A review of the NAP 5 final report
Published on: Mar 3, 2016
Transcripts - NAP 5
Be wary of
lessons from NAP5
International Journal of Obstetric Anesthesia (2015) 24, 1–4
• The obstetric anaesthetist has become an integral
and respected player in the modern multidisciplinary
maternal care team.
• "Are we failing in what might be considered our most
basic task: keeping women unconscious during
• Until the early 1970s it was standard practice
• To use doses of Thiopental in the region of 200–250 mg for
• To maintain anaesthesia with nitrous oxide in oxygen alone,
• trying to avoid neonatal sedation and a loss of uterine tone
with concomitant increased blood loss.
• Under this regimen, awareness rates were reported to be as high
• The recommendation by Moir in 1970 that 0.5% halothane should
be added to the gas mixture reduced this to less than 2%
• That the problem still persists today was highlighted
in a recent epidemiological study carried out by the
Australian and New Zealand College of
Anaesthetists (ANZCA) who reported:
• An incidence of awareness in obstetric patients of
0.26%, albeit with rather small numbers.
• Carried out jointly in the UK and Ireland by the Royal College
of Anaesthetists and the Association of Anaesthetists of Great
Britain and Ireland.
• Largest study of its kind, anesthetic coordinators in all 329 UK
hospitals collated reports of AAGA and submitted them
monthly to the NAP5 panel
• The Royal Colleges of General Practitioners and of
Psychiatrists were also involved, along with other specialist
bodies, to try to capture patients who reported via other
• All reports were scrutinized and categorized by a panel that
included representatives from the Obstetric Anaesthetists'
• For a case to be included, it was not necessary
that the AAGA event had occurred during the
study period, only that it was the first time the
incident had ever been reported to the healthcare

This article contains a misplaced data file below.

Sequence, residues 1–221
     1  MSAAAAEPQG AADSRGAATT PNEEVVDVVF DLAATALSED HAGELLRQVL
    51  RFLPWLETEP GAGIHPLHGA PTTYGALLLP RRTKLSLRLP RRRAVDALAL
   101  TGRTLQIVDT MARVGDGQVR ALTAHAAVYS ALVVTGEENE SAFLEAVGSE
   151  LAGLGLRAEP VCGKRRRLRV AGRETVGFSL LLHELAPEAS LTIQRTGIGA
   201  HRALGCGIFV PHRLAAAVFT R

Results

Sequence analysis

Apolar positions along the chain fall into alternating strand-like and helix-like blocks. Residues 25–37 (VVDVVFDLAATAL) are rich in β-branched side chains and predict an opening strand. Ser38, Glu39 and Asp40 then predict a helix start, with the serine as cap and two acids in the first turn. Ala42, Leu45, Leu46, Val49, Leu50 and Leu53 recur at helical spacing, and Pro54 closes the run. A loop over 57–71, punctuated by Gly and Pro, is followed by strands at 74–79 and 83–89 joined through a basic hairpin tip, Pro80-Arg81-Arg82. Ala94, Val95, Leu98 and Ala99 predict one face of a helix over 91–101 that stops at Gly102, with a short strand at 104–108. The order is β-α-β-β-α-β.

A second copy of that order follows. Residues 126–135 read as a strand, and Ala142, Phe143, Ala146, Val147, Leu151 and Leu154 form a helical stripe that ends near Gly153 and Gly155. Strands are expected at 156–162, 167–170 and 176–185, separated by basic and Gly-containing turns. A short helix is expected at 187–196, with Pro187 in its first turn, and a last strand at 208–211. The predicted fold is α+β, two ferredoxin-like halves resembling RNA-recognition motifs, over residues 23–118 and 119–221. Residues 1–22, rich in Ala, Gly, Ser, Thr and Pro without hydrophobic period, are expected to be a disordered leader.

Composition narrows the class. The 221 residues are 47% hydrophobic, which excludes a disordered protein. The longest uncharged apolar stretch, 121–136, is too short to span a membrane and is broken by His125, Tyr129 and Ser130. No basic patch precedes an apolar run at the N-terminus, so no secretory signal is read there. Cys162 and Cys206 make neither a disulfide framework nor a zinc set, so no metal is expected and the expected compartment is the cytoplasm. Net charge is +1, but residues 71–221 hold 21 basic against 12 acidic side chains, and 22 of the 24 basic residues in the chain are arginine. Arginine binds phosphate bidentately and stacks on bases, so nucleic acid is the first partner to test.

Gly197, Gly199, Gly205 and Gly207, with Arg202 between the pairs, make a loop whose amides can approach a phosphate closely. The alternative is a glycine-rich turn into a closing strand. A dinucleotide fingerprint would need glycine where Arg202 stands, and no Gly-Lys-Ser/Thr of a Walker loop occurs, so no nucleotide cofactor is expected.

• This meant that many of the cases happened
outside the one-year study, sometimes many
years or even decades previously.
• The definition of AAGA agreed from the out-set by
the panel involved a patient or their carer reporting
that they had been awake for a period of time when
they expected to be unconscious.
• Controversially perhaps, this means that sedation
cases where patients mistakenly believed that they
should have been fully anaesthetised were
• These latter cases, numerous though they were in
the final report, have little or no impact on the
• The NAP5 audit relied solely on spontaneous reporting
• Modern interventional studies, in contrast, use some
variation of the Brice Protocol, a structured postoperative
questionnaire, to determine whether patients were aware
• When interviewed using this tool, patients generally
report rates of awareness in the order of 1:600 (0.17%).
• The over-all incidence of spontaneously-reported AAGA
in NAP5 was around 30 times lower than this, at 1:20
NAP 5 : Obstetric data
• The overall rate of AAGA for all obstetric procedures in NAP5 – and
the reason we need to be concerned – was 1:1200 (0.08%) rising to
1:670 (0.15%) for caesarean section.
• We should bear in mind that the reported incidence of AAGA during
caesarean section when sought by Brice interview is 1:384.
• Some of the explanation for the difference between NAP5 rates for
obstetric and non-obstetric patients may be that mothers are more
likely to spontaneously report awareness when it occurs, because